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I’m at the Wigmore Hall!” American mezzo-soprano Jamie Barton’s exuberant excitement at finding herself performing in the world’s premier lieder venue was delightful and infectious. With accompanist James Baillieu, Barton presented what she termed a “love-fest” of some of the duo’s favourite art songs. The programme - Turina, Brahms, Dvořák, Ives, Sibelius - was also surely designed to show-case Barton’s sumptuous and balmy tone, stamina, range and sheer charisma; that is, the qualities which won her the First and Song Prizes at the 2013 BBC Cardiff Singer of the World Competition.
“If I lacked ears, it would be bad, but still more bearable; but lacking a nose, a man is devil knows what: not a bird, not a citizen—just take and chuck him out the window!”
A fixation on death at San Francisco Opera. A 337 year-old woman gave it all up just now after only six years since she last gave it all up on the War Memorial stage.
Penny Woolcock's 2010 production of Bizet's The Pearl Fishers returned to English National Opera (ENO) for its second revival on 19 October 2018. Designed by Dick Bird (sets) and Kevin Pollard (costumes) the production remains as spectacular as ever, and ENO fielded a promising young cast with Claudia Boyle as Leila, Robert McPherson as Nadir and Jacques Imbrailo as Zurga, plus James Creswell as Nourabad, conducted by Roland Böer.
Francesco Cavalli’s La Calisto was the composer’s ﬁfteenth opera, and the ninth to a libretto by Giovanni Faustini (1615-1651). First performed at the Teatro Sant’Apollinaire in Venice on 28th November 1651, the opera by might have been sub-titled ‘Gods Behaving Badly’, so debauched are the deities’ dalliances and deviations, so egotistical their deceptions.
At the end of Shakespeare’s A Midsummer Night’s Dream, Theseus delivers a speech which returns to the play’s central themes: illusion, art and the creative imagination. The sceptical king dismisses ‘The poet’s vision - his ‘eye, in a fine frenzy rolling’ - which ‘gives to airy nothing/ A local habitation and a name’; such art, and theatre, is a psychological deception brought about by an excessive, uncontrolled imagination.
Following the success of previous ‘mini-festivals’ at St John’s Smith Square devoted to Schubert and Schumann, last weekend pianist Anna Tilbrook curated a three-day exploration of the work of Ralph Vaughan Williams and his contemporaries. The music performed in these six concerts was chosen to reflect the changing contexts in which it was composed and to reveal the vast changes in society, politics and culture which occurred during Vaughan Williams’ long life-time (1872-1958) and which shaped his life and creative output.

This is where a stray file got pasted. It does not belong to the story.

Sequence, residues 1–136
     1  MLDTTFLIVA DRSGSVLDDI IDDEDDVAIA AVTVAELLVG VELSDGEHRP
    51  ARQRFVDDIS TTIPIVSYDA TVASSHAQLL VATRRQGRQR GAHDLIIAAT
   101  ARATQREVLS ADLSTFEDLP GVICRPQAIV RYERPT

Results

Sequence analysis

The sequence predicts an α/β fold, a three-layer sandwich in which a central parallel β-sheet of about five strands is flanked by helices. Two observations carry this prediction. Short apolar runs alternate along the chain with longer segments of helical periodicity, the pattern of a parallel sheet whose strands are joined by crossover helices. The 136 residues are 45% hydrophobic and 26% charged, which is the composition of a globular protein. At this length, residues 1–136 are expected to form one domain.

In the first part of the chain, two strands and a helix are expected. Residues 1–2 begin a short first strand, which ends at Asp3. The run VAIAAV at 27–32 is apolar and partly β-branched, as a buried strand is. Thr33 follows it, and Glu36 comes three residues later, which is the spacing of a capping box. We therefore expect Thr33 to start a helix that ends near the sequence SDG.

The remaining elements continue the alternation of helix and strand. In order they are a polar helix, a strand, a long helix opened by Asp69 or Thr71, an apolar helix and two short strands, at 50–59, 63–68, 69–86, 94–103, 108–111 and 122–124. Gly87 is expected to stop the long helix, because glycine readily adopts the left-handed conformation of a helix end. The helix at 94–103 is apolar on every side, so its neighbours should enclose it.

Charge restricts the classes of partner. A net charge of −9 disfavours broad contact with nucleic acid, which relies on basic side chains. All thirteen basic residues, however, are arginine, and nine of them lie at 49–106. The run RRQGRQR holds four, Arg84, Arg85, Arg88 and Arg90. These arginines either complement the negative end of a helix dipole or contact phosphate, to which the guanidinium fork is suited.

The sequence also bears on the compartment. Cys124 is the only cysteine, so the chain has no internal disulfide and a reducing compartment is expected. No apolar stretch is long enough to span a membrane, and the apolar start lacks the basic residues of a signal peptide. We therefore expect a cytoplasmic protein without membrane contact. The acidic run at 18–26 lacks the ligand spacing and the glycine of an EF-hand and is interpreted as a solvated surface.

Trying to work around Manon Lescaut’s episodic structure,
this new production presents the plot as the dying protagonist’s feverish
hallucinations. The result is a frosty retelling of what is arguably
Puccini’s most hot-blooded opera. Musically, the performance also left
much to be desired.
It is Herodotus who tells us that when Xerxes was marching through Asia to invade Greece, he passed through the town of Kallatebos and saw by the roadside a magnificent plane-tree which, struck by its great beauty, he adorned with golden ornaments, and ordered that a man should remain beside the tree as its eternal guardian.
Poor Puccini. He is far too often treated as a ‘box-office hit’ by our ‘major’ opera houses, at least in Anglophone countries. For so consummate a musical dramatist, that is something beyond a pity. Here in London, one is far better advised to go to Holland Park for interesting, intelligent productions, although ENO’s offerings have often had something to be said for them.
With only four singers and a short-story-like plot Don Pasquale is an ideal chamber opera. That chamber just now was the 3200 seat War Memorial Opera House where this not always charming opera buffa is an infrequent visitor (post WWII twice in the 1980’s after twice in the 40’s).
“Yang sementara tak akan menahan bintang hilang di bimasakti; Yang
bergetar akan terhapus.” (“The transient cannot hold on to stars
lost in the Milky Way; that which quivers will be erased.”) As soprano
Tony Arnold sang these words of Tony Prabowo’s chamber opera
Pastoral, with astonishingly crisp Indonesian diction, the first night
of the second annual Momenta Festival approached its end.
Some operas seemed designed and destined to raise questions and debates - sometimes unanswerable and irresolvable, and often contentious. Termed a dramma giocoso, Mozart’s Don Giovanni has, historically, trodden a movable line between seria and buffa.